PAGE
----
“I am your cousin. You stayed at our home, Fountains, in Kent a few years ago while you painted butterflies and flowers. And this is my companion, Miss Nilsson,” Penelope explained patiently. “You urged me to visit you some­time.”

“Penelope!” Lettice exclaimed in recognition. “I believe I had a letter from you not long ago. At least, I think I did. I could not find my spectacles at the moment, and it was put aside.” Turning to the housekeeper, hovering in the back­ground, she added, “Where did I put that letter?”

The older woman sighed, then shuffled off down the hall, muttering softly to herself as she went. She disappeared through a door near the end of the hall.

Suddenly recalling her manners, Lettice nodded her head toward the hall, then led them along into the haphazardly furnished morning room. “She ought to have brought you in here, but one does never know.”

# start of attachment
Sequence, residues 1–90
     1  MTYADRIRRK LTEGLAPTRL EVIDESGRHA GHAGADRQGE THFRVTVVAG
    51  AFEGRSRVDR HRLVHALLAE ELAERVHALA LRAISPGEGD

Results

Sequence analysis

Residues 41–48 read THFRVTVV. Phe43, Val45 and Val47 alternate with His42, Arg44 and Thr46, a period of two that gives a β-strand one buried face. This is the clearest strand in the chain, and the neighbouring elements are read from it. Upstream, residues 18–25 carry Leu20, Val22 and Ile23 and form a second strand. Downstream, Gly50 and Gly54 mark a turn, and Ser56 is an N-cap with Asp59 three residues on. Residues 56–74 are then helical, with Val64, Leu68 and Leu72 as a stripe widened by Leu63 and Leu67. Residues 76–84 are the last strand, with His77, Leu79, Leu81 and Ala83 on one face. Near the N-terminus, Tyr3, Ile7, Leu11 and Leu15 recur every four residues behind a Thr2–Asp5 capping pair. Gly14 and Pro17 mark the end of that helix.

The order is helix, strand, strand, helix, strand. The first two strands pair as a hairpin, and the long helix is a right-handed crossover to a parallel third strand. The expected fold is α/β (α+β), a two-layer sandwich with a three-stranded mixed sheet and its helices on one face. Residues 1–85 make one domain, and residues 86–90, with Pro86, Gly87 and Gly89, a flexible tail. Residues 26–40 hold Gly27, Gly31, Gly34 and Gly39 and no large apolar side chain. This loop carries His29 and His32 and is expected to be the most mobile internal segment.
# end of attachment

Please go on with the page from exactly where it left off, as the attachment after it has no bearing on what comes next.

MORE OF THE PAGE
At Penelope’s silence, Lettice went on, “But of course you do not know, for how could you? You see,” she con­fided, “I am dreadfully absentminded and nearly everyone knows about my difficulty. Ladies sometimes seek my advice, although why they should is totally beyond me. I doubt I would be of help to anyone.”

Hoping the dismay she felt was not revealed on her face, Penelope glanced at Miss Nilsson, then back at her cousin. “I see. In that case, perhaps I had best leave you.”

“Nonsense! I declare, I am vastly diverted. Why have you suddenly turned up on my doorstep? You have changed a great deal, you know. I say that in defense of my not recognizing you at first. The alteration into womanhood can be most striking in some girls. You certainly have become a beauty,” she concluded without a trace of envy in her voice.